I’m looking forward to the Swiss race as the world’s standard technical tight slalom. I just hope they don’t deviate from the promised format under the pressure of the majority (the US way to deal with tight/technical courses).

Vlad.

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Post by Simon Levene » Mon Apr 14, 2003 7:32 pm

Vlad - the Swiss race definitely sounds like Cambria territory, although cut down Avalons may also work.

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Post by Vlad Popov » Mon Apr 14, 2003 7:43 pm

Yep, I use cut 85A Avalons and 92A Abec 11 Flashbacks 95% of the time.

Harder Cambrias are significantly faster on transition than any of the poopy Avi...s and harder Greenies.

I miss "3DM- C-62" races! I so-o-o hope the Swiss one will be it! Well, maybe Andy will surprise us at the GatheringIII with a real technical course. Or two.

And there is Paris, of course, but there is still a big question mark there.

Vlad.

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Post by Eric Groff » Tue Apr 15, 2003 3:17 am

"I just hope they don’t deviate from the promised format under the pressure of the majority (the US way to deal with tight/technical courses)."

Vlad Popoff could you explain this?

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Post by John Gilmour » Fri Sep 19, 2003 12:17 pm

I think what Vlad means is that some races like the race where Team Radikal showed up that was scheduled as a TS and when people saw the pitch of the hill- they voted to make it a Hybrid or GS.

When are we ever going to get a Tight technical TS on a steep pitch in a competition?

Steep and tech tight means you are accellerating quickly and also braking quickly. Its like racing a better car. Or frankly racing on a more advanced race track.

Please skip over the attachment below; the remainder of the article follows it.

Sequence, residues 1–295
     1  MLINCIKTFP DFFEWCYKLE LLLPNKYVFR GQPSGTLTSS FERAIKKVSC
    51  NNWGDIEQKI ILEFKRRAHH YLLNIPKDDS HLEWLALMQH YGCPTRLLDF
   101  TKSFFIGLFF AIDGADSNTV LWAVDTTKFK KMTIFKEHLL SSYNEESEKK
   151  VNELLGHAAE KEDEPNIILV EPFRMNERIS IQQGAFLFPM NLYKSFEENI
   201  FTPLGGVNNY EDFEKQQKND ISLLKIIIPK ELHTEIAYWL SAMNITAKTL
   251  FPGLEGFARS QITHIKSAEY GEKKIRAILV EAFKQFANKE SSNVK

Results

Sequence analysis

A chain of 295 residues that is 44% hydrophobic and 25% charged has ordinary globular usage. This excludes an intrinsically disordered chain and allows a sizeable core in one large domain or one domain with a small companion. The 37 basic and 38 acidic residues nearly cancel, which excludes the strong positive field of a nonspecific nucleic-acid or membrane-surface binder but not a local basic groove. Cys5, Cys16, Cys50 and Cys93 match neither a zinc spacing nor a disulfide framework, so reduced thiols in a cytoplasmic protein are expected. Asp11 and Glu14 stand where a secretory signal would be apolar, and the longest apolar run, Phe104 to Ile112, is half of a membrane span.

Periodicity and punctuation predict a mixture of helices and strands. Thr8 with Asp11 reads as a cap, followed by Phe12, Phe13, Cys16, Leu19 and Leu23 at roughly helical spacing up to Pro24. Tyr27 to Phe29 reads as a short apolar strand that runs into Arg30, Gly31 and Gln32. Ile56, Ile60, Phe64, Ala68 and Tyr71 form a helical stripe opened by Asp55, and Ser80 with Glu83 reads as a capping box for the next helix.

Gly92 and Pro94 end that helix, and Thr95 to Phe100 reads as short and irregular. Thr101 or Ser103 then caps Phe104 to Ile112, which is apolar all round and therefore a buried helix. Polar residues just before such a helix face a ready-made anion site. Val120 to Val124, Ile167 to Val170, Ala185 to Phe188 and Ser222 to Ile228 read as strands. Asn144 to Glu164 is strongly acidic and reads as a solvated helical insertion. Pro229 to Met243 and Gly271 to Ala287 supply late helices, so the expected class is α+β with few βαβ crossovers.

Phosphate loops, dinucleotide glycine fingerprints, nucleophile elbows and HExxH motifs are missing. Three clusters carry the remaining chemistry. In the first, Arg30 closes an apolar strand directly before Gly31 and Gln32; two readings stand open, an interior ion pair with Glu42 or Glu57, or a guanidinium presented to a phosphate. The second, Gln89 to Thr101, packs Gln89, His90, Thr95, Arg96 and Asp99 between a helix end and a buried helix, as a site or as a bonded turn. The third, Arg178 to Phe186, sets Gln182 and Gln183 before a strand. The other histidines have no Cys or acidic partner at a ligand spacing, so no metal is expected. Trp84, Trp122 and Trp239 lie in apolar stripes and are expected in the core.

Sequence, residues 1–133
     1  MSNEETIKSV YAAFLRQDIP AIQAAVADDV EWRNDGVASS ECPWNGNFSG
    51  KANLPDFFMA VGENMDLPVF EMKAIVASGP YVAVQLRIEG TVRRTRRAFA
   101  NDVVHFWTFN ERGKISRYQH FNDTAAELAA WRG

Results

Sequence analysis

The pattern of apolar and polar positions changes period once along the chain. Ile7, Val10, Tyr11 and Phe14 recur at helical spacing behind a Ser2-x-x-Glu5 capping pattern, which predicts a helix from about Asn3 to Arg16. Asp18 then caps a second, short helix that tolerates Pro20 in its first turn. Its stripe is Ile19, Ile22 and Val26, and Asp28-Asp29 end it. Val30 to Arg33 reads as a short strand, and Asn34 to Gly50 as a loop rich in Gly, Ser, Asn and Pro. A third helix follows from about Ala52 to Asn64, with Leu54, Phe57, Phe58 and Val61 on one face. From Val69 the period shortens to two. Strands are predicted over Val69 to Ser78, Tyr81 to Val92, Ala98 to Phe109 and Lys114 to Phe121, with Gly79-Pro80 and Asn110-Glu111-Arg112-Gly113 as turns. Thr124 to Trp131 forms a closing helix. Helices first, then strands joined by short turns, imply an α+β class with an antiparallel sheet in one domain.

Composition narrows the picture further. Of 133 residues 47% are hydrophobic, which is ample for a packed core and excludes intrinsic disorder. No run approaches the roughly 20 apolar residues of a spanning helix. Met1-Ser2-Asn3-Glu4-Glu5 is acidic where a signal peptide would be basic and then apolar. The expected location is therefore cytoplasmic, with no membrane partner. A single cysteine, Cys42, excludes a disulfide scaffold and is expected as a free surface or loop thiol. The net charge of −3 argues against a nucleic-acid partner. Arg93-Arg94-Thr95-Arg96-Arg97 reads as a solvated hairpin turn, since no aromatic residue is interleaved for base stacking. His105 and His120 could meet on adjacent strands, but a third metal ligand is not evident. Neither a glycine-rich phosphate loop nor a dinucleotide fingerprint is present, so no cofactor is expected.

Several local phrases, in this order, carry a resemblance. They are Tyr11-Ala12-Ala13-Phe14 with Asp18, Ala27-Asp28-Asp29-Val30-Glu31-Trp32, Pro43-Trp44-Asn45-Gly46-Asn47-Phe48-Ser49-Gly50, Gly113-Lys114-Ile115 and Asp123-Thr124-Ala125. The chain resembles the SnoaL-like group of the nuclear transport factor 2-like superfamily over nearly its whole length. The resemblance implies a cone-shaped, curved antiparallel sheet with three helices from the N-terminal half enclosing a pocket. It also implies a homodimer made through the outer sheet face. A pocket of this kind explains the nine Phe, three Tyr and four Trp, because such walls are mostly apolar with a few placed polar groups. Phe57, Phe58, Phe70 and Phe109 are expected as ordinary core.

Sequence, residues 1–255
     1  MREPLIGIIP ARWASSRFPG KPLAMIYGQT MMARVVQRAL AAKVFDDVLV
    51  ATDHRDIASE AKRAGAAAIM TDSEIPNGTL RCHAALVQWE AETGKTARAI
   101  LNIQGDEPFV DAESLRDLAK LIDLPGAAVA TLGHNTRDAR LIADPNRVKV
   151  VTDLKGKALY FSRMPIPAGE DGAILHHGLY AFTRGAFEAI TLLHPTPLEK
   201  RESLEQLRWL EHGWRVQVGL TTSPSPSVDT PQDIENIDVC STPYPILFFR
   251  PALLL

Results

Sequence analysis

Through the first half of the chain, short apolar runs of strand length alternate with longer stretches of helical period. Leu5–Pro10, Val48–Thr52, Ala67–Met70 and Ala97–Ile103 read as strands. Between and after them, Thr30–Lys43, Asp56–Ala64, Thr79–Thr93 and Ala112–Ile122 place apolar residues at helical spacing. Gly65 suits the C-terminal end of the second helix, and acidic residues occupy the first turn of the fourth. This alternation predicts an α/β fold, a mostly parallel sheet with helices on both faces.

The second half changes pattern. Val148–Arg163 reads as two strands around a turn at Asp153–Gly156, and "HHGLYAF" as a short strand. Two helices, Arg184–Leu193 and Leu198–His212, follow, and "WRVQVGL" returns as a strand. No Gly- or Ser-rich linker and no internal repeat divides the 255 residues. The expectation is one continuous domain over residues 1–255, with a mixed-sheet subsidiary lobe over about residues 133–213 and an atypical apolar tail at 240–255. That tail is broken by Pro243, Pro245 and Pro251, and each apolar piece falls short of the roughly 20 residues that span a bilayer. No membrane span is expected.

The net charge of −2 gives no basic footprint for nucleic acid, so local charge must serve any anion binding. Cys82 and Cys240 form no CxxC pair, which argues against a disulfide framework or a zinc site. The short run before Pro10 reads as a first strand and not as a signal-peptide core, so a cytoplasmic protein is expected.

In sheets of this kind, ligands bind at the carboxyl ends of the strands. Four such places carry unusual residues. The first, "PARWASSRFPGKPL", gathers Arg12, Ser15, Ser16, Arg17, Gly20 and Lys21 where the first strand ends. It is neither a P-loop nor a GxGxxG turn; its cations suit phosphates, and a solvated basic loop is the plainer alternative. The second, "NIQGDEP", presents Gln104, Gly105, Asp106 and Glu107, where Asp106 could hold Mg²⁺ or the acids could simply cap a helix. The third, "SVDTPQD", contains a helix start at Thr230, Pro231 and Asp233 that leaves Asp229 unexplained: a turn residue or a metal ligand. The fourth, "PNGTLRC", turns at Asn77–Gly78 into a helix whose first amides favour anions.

The consensus seems to be that if you have a hill that is no good for GS because it it isn't steep enough....well that's proclaimed a TS hill by default. To me that is just wrong.

I see no reason why a GS hill can not be used for setting a proTechSl as well as a GS. THe less steep hill can then be used for intermediate TS or beginner Hybrid.

Anyhow- to stay on topic- the idea is to improve your skills quickly. Regular practice is important as is having a properly adjusted deck.

You can ride a longwheelbase board to learn how to ride a skateboard. Then try slalom with a shorter deck (30 inches or less)with fewer stance options. This will ensure you dial in a functional stance.

Learn to run high CPS (cones per second) with the short Wheelbase deck. At least the speeds won't be ridiculously high like on a longer deck with wider cones. You have to increase your reflexive speeds. Much like in Martial arts, high speed repetition helps and reinforcing good form and technique are paramount to success.

Then try to increase the technical setting of the course. Such varients you could introduce are.
  1. Variable cone spacing
  2. line leaders
  3. offsets
  4. diagonal offsets
  5. curves
  6. curves to reverse curves
  7. decreasing radius curves
  8. increasing radius curves
  9. curves with unequal spacing
  10. curves with rippers or reverse rippers
  11. variable offset
  12. braking cones
  13. speed chutes
  14. speed chutes into technical sections
  15. criddling options
  16. cones requiring controlled slides
  17. sections requiring a tuck
    etc.
Once you have mastered the basics of each of these things- and I suggest you set courses "particular" to learning each item on the above list....


Then start mixing each ingredient together and you'll notice they combine quite differently. (try for instance a diagonal line leader that goes into a reverse curve with a ripper- good luck! You had better be dialed in really well).